My Ireland Expectations:
The very first city that we visited in Ireland was Belfast. Rich in history of the Troubled Times of Ireland and English colonial conquest, I knew Belfast would be an amazing experience. Before arriving to Belfast, I had done some background research on the Troubled Times and the split between the Protestant and Catholic parts of the city. Having Irish Catholic ancestry, I was very excited to learn more about this very difficult time in Ireland’s history. I was surprised to discover just how much this awful time had affected the lives of the average citizen of Belfast. Living in a country such as the United States, where major cultural issues sometimes do not affect the masses the way they would in smaller countries, like Ireland, I interesting to learn how everyone was affected during this time. My experience in Belfast made me realize just how fortunate we are to live in a country where freedom for religion is something we are guaranteed.
Knowing that Derry is one of the only walled cities in all of Europe, I expected that entering this city would be like taking a step into history. I expected that Derry would be the type of city that history majors, like myself, dream of visiting; rich in culture, stories, and history. While walking the Walls of Derry, my expectations became a reality. Walking the cobblestone path, gazing over the edge of the wall down into the Republic, and interacting with the locals made the history of this glorious city come to life. Probably the best memory I have or Derry was an interaction that I had with a man in downtown Derry. In the approximately thirty minute conversation that I had with this man, everything that we had learned and discussed in class prior to leaving for Ireland was thrust upon me. From his families’ hatred for the British rule of Northern Ireland, to his love for Celtic music, this man, for me, was Ireland.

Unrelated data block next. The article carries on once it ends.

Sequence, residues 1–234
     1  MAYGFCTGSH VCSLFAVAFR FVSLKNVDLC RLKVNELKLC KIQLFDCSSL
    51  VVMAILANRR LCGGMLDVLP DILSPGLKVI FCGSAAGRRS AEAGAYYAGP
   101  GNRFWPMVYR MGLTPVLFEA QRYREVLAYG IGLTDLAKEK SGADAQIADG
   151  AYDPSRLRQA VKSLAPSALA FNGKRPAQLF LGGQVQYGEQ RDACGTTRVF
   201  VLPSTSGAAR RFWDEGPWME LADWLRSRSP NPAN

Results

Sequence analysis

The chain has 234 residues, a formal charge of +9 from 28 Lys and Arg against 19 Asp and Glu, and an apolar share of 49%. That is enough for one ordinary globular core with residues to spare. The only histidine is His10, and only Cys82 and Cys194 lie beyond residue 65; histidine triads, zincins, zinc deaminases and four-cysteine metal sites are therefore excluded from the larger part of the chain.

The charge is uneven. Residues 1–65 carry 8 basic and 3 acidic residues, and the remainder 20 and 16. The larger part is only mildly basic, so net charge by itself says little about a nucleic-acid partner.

Heading into Dublin, my expectations were that I would be heading into your average large city. I expected to find very crowded streets, buzzing with people. Having been to large international cities such as Toronto and New York City, I was prepared for a similar experience. I was pleasantly surprised when we arrived in Dublin that my expectations were wrong. Despite being the larger city, I found it to be very relaxed. Walking the streets, one did not get that anxious feeling that is generally associated with cities such as New York. The people were also very pleasant, always very courteous to the people around them. A moment that stands out of this courtesy was at the Confession Box pub, a very historic establishment in Dublin. It seemed as if the people we had met there, we had known for years due to how open and accepting they were. It should be noted that the parts of Dublin that were explored were generally considered the tourist areas and the people we came into contact with were probably on vacation as well. Despite this, our Dublin experience was the most meaningful for me.